We all know Adolf Hitler did not die as a result of an organized assassination plot against him but this fact does not hinder the enjoyment of watching how that attempt by members of his own Nazi command plays out. Reminiscent of great ‘60s WWII conspiracy thrillers such as 36 Hours and Night of the Generals this film centers on the actions of Colonel Claus von Stauffenberg (Tom Cruise) a loyal German officer who nevertheless is horrified by what he sees Hitler doing to his country and is determined to find a way to stop him. In 1942 he tries to persuade senior commanders to overthrow Hitler and later in 1943 while recovering from combat injuries he joins the German Resistance a secretive anti-Hitler group comprised of several men in the highest ranks on the inside. Using Hitler’s own contingency plan labeled Operation Valkyrie to prop up the government should he die this group puts their assassination and take over plan in motion. As the eye patch-wearing SS colonel Tom Cruise is excellent. He comfortably manages to get to the heart of Stauffenberg and portray a man who clearly loves his country and feels it’s a patriotic duty to stop the madness. Wisely Cruise (who produced through his United Artists studio) surrounds himself with actors of the first stripe. Among those supporting the mission are: Kenneth Branagh in a relatively brief turn as an German officer; Bill Nighy as one of von Stauffenberg’s closest allies in the venture; and Eddie Izzard as a communications specialist charged with cutting Hitler’s contact to the rest of Germany. There’s also superb work from Terence Stamp as another high-ranking conspirator and the always great Tom Wilkinson as career officer Fredrick Fromm who seems to be playing all sides despite appearing to be a stern supporter of the Fuhrer. And as Stauffenberg’s loyal wife Carice van Houten (Black Book) looks lovely and hits just the right notes as her husband’s sounding board. Although he has guided big popcorn pictures such as Superman Returns and X-Mens director Bryan Singer has also given us intense thrillers like the Oscar winning Usual Suspects and Apt Pupil. So the command he shows in turning out this nifty thriller should come as no surprise. Clearly Singer knows how to grab hold of an audience and keep them on the edge of their seats -- no easy trick here since the outcome is never in doubt. He keeps this going like a speeding train ratcheting up the suspense at every turn and focusing his camera directly into the eyes and sweat of these courageous conspirators. Valkyrie is a pulse-pounding heart-racing excitement from start to finish.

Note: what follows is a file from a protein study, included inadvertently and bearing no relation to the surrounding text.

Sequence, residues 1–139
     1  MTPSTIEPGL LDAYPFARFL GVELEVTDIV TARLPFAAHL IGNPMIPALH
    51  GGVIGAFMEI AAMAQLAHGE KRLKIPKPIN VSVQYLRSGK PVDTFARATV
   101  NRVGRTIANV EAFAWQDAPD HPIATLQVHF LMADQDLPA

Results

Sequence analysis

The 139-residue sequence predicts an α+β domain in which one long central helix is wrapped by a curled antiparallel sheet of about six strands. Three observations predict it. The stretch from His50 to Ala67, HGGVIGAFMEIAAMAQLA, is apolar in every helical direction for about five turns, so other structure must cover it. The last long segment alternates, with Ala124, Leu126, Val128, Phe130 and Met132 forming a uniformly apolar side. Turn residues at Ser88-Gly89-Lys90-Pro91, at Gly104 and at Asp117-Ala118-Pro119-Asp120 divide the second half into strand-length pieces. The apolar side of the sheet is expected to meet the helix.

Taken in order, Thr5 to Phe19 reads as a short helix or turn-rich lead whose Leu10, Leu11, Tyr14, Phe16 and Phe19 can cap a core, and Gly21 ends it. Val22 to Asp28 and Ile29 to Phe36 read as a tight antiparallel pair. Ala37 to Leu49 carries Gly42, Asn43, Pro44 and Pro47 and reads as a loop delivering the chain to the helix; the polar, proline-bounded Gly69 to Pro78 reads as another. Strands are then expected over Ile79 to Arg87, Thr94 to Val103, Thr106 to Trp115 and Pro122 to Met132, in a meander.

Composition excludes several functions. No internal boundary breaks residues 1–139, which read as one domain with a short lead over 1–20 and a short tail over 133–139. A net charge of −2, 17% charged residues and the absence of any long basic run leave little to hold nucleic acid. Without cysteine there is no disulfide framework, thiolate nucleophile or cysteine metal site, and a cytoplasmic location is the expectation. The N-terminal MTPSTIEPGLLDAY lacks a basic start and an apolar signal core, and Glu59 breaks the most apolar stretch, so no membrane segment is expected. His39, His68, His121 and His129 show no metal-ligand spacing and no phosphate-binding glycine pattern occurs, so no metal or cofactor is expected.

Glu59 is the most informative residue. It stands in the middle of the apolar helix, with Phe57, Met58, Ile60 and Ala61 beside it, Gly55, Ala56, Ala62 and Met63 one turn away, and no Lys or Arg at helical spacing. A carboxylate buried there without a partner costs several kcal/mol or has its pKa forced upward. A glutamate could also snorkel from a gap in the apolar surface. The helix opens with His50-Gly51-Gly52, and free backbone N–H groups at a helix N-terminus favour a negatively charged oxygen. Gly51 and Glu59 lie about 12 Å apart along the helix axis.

Sexpots Max (Sigourney Weaver) and her daughter Page (Jennifer Love Hewitt) have a good thing going. Consummate con artists the duo make a living by swindling dumb rich guys. Max marries them Page seduces them into adultery Max makes off with hefty damages paid and they're off to the Next Big Sting. This happens over and over and over and still over again. Then one day Max's jilted husband Dean (Ray Liotta) a sleazy Jersey chop-shop owner wises up and follows up in hot pursuit of the pair who have hightailed it to Palm Beach to make their last big score with revolting billionaire cigarette tycoon William B. Tensy (Gene Hackman). While Max attempts to snare Tensy Page strikes out on her own and promptly falls for her first target bartender Jack (Jason Lee).
Love Hewitt is obviously trying to shed her good-girl image by shedding her clothes in a formula caper romance but her one-note performance is banal. Weaver who has always been well suited for comedy can vamp it up with the best of 'em. But this dumb movie restricts her to bad lines and an even worse (and inexplicable) Russian accent in which she karaokes "Back to the U.S.S.R." - oof. Lee gives a non-performance. The only redeeming things about it is the comically vile Hackman and Liotta who looks like he's having a great time spoofing his self created two-bit gangster persona.
This film has been knocking around since '96 when Anjelica Huston and Alicia Silverstone were considering it. What attracted respected actors like Weaver Hackman Liotta and Anne Bancroft (in a bit part) to this broad obvious comedy now is beyond the scope of this reviewer. It's just NOT FUNNY. What it is is predictable - the conclusion to its contrived love stories comes at you like a Mack truck halfway through the movie but you have to sit through a full two hours of PG-13-rated T&A to get there. (Guys you might not think that's so bad). Take Love's love story for example - now if Jack is smart enough to see through Page's trickery why is he stupid enough to fall for her? And why would a nice guy like him be attracted to a nasty slut who's trying to swindle him out of money?